Python-list Digest, Vol 169, Issue 7
On Wed, Oct 4, 2017 22:42 Stefan Ram (ram at zedat.fu-berlin.de) wrote:
Steve D'Aprano <steve+python at pearwood.info> writes:
>>So, "bottom-up" in this case means: iterators should be
>>taught before for-loops.
> The syntax for is (from memory):
>for <variable> in <expression>: <suite>
> . As an example, I might show:
>for i in range( 3 ): ...
> . This raises the question:
> "What is the value of ?range( 3 )??".
> "Bottom up" means that the simple and constituent parts
> are taught before the complex and compound parts. I.e.,
> ?range( 3 )? is explained before ?for i in range( 3 ):?.
The easy answer here is to not use the range in the first for loop.
I introduce for with actual collections (e.g. lists, strings, dictionaries)
It is very easy to figure out what "for i in [2, 6,32, 7, 5]" means.
This is very easy to understand, and I teach it early, to avoid this common
"if i == 2 or 6 or 32 or 7 or 5"
which plagues Python and C programmers alike (only Java complains about that
You can even access the proper subscripts for a list without using range(),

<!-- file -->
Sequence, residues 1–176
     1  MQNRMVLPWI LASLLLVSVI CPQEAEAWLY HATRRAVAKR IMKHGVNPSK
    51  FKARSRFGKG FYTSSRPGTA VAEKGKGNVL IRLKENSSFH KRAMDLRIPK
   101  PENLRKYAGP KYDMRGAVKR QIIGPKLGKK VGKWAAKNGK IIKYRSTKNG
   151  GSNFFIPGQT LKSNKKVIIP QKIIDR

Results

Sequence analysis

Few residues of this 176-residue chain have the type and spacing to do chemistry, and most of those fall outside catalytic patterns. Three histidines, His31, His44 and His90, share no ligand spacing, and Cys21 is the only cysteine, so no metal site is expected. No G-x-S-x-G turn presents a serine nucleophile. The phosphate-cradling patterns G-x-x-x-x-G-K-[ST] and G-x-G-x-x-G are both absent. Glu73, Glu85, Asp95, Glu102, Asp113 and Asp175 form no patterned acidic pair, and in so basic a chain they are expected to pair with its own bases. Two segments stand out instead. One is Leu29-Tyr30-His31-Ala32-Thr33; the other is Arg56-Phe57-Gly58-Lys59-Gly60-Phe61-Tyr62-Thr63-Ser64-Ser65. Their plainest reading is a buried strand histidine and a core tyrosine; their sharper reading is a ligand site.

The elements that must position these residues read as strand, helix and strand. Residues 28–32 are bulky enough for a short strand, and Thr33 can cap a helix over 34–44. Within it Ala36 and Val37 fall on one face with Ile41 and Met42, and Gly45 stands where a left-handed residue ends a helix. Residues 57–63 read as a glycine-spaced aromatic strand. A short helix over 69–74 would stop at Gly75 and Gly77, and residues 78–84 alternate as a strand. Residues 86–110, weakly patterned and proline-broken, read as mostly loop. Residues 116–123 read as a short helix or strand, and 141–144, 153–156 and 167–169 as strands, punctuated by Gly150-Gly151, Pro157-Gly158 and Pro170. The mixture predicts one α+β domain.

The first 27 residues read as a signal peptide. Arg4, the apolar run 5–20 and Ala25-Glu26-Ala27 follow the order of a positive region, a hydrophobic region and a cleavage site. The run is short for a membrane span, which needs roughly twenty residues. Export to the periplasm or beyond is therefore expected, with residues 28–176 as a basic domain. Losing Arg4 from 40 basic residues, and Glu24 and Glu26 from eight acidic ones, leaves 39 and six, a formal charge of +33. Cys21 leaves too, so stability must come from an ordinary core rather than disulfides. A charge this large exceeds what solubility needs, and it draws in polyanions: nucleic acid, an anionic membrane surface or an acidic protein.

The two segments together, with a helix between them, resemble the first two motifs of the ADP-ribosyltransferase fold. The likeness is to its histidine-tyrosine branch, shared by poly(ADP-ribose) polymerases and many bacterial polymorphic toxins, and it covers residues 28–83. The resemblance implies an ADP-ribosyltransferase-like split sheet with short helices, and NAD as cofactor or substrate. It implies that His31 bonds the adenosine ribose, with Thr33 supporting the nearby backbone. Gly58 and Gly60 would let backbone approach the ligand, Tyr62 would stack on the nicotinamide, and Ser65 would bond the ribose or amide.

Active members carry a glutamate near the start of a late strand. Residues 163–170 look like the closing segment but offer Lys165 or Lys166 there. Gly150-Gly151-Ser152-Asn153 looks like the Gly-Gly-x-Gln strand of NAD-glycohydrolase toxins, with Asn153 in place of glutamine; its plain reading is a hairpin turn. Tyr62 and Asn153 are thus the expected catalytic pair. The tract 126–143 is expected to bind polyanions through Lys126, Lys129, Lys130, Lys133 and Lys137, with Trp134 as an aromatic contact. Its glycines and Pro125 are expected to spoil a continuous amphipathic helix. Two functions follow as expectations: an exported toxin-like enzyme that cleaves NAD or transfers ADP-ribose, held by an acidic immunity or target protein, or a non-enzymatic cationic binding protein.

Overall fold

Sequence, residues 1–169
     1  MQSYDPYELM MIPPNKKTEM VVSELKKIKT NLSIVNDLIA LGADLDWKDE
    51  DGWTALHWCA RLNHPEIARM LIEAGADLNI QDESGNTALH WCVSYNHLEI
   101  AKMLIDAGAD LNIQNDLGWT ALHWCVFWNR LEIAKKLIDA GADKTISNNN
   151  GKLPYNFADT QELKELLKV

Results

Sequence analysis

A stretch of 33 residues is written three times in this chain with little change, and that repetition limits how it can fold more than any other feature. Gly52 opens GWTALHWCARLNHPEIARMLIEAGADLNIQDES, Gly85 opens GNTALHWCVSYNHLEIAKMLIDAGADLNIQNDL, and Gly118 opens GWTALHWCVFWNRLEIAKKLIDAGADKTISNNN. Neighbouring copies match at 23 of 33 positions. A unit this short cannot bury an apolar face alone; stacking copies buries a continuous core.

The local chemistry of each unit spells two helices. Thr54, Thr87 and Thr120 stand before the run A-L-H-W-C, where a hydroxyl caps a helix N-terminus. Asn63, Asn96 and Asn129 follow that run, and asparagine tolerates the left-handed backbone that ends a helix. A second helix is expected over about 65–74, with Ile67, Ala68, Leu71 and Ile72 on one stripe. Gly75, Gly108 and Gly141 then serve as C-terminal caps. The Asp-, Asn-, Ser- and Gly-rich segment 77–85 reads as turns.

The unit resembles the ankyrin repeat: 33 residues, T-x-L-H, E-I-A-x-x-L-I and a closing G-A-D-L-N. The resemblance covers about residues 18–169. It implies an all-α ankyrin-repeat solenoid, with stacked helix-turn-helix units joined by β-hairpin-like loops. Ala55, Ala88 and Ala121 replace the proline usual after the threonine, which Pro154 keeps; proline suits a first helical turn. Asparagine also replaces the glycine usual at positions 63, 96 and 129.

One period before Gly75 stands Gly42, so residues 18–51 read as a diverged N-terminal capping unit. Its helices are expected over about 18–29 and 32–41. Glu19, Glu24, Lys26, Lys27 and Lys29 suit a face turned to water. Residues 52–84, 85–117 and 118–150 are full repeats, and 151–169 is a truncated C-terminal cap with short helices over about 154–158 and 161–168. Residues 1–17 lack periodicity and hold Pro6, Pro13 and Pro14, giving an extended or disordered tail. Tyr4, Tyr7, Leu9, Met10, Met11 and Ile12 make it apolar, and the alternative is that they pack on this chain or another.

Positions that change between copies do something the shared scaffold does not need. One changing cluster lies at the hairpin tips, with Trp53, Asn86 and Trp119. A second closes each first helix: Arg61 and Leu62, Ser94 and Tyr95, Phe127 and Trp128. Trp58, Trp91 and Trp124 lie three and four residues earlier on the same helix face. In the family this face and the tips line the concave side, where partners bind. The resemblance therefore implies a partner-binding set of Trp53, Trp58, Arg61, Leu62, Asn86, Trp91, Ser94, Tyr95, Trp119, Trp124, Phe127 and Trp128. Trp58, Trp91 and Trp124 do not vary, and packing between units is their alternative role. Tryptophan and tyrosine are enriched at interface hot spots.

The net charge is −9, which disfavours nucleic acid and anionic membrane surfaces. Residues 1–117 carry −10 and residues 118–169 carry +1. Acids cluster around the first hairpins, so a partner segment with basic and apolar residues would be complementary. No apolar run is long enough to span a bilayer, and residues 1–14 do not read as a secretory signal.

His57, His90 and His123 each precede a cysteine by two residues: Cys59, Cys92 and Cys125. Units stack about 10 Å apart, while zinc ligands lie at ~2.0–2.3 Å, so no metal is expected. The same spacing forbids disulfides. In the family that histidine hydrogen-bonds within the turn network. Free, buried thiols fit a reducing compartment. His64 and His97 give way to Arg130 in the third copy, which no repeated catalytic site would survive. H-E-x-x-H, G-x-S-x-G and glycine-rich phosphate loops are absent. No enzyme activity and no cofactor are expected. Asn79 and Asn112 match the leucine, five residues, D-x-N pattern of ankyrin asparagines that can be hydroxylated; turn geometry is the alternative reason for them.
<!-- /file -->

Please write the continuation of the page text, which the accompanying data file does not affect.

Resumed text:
if you are willing to use enumerate().
So, by teaching the for loop without the range, not only do you get to postpone
the details of what range() does (and can even point out -- hey, that's
the same numbers as enumerate listed!) but you also get your students to
believe that there is a better way to access the elements of a list than
down the subscripts.
I still see a lot of instructors and programmers who newly migrate to Python
that use counting a range() as their first choice in traversing a list.
Teaching the for loop without using range, I believe, is the best way
to forestall that habit.
Oh, and it also steers people from this error I often see:
"for i in len(list)"
Pennsylvania State University